I’ll miss the many friends I’ve made here. They’re kind, giving, creative, funny, loyal. I’ll miss the people I’ve worked with, chief among them Kathe Tanner, the stalwart, enterprising, Cambrian reporter for a couple decades now (and columnist for a decade more). The town is lucky to have someone who loves it so much, knows it so well and can write as well as she.
So, what exactly does an editor do, anyway? Here are a few thoughts after putting out about 720 editions of The Cambrian (and several hundred more as editor of The Santa Ynez Valley News and, for that matter, The Pirate Log, my high school paper):
An editor is a chef and a butcher, picking the best ingredients, cutting off the fat, coming up with a combination of courses (appetizer, entrée, dessert; briefs, news, entertainment) to make for the reader an edible meal with no inedibles on the plate. It’s much easier on the consumer than foraging their own daily meals or daily information package. Trust me on this.
An editor is a ringmaster, presenting the varied skills of expert performers in several rings to the wonderment and elucidation of the audience.
An editor is a bricklayer, stonemason, carpenter — stacking, carving, joining the elements of a structure, a publication, an informational entity, he or she hopes stands up to the elements, to scrutiny.
An editor is a gardener, pulling out the weedy words, planting ideas, nurturing stories, combining elements to create an environment he or she hopes proves hospitable and nurturing to those who pass through.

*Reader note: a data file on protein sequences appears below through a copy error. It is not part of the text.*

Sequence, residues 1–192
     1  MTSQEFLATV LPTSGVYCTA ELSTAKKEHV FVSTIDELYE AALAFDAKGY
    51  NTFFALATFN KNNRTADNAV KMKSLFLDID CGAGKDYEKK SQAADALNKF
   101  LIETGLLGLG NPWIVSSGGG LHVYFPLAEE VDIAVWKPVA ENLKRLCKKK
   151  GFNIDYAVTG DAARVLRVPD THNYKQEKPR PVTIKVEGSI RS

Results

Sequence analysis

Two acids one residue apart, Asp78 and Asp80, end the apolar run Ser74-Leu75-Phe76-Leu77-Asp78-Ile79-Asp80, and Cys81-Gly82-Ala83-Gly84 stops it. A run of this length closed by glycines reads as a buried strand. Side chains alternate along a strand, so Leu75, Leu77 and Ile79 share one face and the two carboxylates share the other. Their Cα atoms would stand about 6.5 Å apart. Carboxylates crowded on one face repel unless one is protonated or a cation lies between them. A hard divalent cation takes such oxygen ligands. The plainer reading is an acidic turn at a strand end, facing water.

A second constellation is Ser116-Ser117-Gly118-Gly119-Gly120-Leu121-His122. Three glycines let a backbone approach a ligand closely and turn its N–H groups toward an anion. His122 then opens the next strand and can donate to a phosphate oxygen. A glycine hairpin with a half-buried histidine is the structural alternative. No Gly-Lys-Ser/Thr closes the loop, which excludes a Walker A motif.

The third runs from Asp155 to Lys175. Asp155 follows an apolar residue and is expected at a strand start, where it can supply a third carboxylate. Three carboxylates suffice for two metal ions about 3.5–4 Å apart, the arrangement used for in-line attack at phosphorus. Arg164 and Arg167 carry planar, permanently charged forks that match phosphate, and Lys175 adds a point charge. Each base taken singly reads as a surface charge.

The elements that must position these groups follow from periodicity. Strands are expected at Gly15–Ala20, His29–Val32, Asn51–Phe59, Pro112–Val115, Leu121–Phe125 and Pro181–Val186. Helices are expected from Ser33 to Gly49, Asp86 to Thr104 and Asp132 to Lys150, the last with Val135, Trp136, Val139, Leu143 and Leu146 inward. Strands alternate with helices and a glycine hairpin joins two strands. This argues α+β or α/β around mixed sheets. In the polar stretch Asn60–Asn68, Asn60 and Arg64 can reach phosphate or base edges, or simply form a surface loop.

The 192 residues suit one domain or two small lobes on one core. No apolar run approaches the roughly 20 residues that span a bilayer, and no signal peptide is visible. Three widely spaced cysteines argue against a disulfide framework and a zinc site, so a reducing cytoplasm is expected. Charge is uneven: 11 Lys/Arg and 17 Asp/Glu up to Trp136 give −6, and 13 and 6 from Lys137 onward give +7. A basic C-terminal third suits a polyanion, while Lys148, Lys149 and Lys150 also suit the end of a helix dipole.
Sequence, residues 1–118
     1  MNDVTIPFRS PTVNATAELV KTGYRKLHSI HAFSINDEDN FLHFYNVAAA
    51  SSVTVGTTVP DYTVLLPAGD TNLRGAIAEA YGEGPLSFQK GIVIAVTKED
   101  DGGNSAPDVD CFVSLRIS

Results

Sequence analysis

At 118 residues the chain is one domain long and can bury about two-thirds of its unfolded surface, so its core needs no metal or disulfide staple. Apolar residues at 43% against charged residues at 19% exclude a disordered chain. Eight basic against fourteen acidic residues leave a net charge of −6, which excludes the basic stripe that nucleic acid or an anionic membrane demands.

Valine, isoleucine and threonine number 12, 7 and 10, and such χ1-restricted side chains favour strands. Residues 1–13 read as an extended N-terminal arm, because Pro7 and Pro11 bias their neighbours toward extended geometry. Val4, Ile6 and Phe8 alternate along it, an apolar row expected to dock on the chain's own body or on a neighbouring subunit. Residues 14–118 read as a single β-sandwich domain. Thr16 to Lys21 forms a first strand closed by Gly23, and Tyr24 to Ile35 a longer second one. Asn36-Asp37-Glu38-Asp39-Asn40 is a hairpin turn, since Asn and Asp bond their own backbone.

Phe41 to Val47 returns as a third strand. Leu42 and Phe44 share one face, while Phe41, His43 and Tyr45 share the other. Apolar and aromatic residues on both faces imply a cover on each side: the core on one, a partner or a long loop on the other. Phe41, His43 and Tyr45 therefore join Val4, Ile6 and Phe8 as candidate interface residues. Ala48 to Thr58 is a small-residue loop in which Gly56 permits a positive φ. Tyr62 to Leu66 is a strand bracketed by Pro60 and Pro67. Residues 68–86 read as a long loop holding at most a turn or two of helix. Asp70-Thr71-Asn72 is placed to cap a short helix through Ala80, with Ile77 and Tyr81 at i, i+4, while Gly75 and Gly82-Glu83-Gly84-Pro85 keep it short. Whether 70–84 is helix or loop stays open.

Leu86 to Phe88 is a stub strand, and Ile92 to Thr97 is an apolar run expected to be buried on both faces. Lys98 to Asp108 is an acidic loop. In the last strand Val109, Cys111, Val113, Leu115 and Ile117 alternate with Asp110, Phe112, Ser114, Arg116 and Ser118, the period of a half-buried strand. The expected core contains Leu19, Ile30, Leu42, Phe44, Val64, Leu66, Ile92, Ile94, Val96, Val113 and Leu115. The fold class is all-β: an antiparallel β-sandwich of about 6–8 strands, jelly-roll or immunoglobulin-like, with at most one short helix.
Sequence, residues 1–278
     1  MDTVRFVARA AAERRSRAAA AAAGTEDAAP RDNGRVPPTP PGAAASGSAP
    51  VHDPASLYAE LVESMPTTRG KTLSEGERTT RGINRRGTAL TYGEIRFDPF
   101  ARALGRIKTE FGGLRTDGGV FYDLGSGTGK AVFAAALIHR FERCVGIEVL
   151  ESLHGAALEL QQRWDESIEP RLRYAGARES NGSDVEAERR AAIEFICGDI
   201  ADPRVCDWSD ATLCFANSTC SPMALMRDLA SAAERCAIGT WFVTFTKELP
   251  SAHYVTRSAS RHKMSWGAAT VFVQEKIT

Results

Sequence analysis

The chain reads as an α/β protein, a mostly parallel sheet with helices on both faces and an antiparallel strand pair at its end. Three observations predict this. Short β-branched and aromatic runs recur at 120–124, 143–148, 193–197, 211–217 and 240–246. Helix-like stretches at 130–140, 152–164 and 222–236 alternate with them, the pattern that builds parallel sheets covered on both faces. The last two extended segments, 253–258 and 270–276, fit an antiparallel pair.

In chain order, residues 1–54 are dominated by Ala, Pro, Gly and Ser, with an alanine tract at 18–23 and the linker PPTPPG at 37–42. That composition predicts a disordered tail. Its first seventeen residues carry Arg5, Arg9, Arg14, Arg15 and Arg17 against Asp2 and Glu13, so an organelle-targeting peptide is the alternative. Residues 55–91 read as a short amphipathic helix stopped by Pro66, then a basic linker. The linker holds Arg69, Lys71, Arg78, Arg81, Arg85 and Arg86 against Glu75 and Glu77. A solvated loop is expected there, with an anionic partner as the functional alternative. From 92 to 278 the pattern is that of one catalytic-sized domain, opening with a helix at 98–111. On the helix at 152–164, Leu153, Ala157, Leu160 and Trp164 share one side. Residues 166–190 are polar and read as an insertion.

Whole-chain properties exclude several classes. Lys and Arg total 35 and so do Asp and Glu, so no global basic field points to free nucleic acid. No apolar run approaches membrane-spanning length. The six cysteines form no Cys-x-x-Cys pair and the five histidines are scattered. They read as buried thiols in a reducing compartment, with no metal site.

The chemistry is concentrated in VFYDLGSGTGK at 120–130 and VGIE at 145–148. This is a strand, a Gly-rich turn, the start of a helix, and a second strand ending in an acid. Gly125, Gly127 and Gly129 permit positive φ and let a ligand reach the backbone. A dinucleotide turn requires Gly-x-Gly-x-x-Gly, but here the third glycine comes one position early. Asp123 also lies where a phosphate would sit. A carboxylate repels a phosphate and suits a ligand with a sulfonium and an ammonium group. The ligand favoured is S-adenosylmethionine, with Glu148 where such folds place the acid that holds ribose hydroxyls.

An editor is an honest broker in the information marketplace, finding and delivering facts without fear or favor of friend or foe. Period.
Finally, the obligatory Lincoln and Twain quotes.
“You can please all of the people some of the time, some of the people all of the time, but you can never please all of the people all of the time,” said Abraham Lincoln. He was a politician, not an editor, but dittos to that. It’s fine. How would any progress ever be made if everyone was always happy? It’s a no-brainer, as in a “Brave New World,” soma-induced state. We want the fray, the spray, the dialogue, the argument. Sunlight is the best disinfectant and a community conversation is the best decision-making process.
Mark Twain wrote, “Ever since I survived my week as editor, I have found at least one pleasure in any newspaper that comes to my hand; it is in admiring the long columns of editorial, and wondering to myself how in the mischief he did it!”
And he also wrote: “I am not the editor of a newspaper and shall always try to do right and be good so that God will not make me one.”
Yes, editing is a lot of work, terrifying most of the time, exhilarating from time to time but, on the whole, I thank God he made me an editor — and let me spend so many wonderful years in Cambria. Thank you, readers, for your many kindnesses and for always holding me accountable; both are essential. It takes two wings to fly.
Bon voyage, au revoir, vaya con Dios, happy trails, fare thee well.
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Follow Bert Etling on Twitter at @betling.